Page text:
Just last week, the governor and Lt. Gov. Anthony Brown launched a crash six-month base-realignment planning effort, aiming to coordinate nine different state departments to assist local officials in accommodating the growth smoothly.

Adopted in 1997 at the urging of then-Gov. Parris N. Glendening, Smart Growth called for using the power of the state's purse strings to encourage development in and around existing communities, instead of in former farm fields and forests. State funds for roads, sewers and other needed public services would be earmarked for spending in designated growth areas and hard to come by outside them.

The concept has proved popular, in large part because it aims to control sprawl through financial incentives, rather than controversial regulations or government restrictions on property rights. Other states have enacted similar laws.

But Smart Growth's track record in Maryland has been mixed at best, Hall acknowledges.

Sitting in his 11th-floor office at the state office complex in West Baltimore, Hall points to a map of the state on his wall, with mustard-colored splotches in each county and municipality where, as a result of the decade-old Smart Growth law, local and state officials have agreed development should go.

Three-quarters of all the homes built in the state since the law was enacted have been inside those smart-growth zones. Known bureaucratically as "priority funding areas," they are where the state is willing to provide funding for roads, sewers and other infrastructure.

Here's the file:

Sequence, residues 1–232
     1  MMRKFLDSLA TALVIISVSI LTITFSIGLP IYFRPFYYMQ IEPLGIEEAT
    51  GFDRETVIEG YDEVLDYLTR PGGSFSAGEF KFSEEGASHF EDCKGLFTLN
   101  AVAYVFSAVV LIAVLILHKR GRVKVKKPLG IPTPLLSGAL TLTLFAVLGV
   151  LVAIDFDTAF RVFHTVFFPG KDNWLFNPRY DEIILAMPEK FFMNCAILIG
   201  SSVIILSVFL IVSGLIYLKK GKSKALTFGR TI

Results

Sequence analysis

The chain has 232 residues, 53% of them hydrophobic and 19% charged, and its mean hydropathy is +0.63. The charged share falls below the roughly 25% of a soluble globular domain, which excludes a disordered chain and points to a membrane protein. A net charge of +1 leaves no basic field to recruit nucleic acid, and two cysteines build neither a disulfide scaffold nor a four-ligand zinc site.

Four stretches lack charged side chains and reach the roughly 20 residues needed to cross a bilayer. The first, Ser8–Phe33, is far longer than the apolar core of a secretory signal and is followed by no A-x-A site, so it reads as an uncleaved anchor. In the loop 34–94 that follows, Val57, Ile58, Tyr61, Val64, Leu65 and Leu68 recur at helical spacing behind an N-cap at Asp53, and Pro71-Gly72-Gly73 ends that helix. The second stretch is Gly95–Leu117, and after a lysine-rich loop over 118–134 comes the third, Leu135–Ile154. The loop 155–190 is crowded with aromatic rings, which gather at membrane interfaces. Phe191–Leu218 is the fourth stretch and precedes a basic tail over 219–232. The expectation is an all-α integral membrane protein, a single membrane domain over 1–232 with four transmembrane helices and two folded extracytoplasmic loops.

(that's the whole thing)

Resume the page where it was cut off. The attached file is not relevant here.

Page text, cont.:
But three-fourths of all the land on which homes have been built is outside those growth areas. And the average amount of land consumed for each home built inside the designated growth zones has actually been creeping up - the opposite of what smart-growth advocates had hoped to see after 10 years.

While the land-use numbers tell a dispiriting story, Hall notes that you don't see what might have been built if the 1997 growth law hadn't been enacted.

"Is this whole Smart Growth thing working? I think it does help. I can't measure for you how things would have happened if we had not had" the law, Hall says. "I would argue it would be worse now."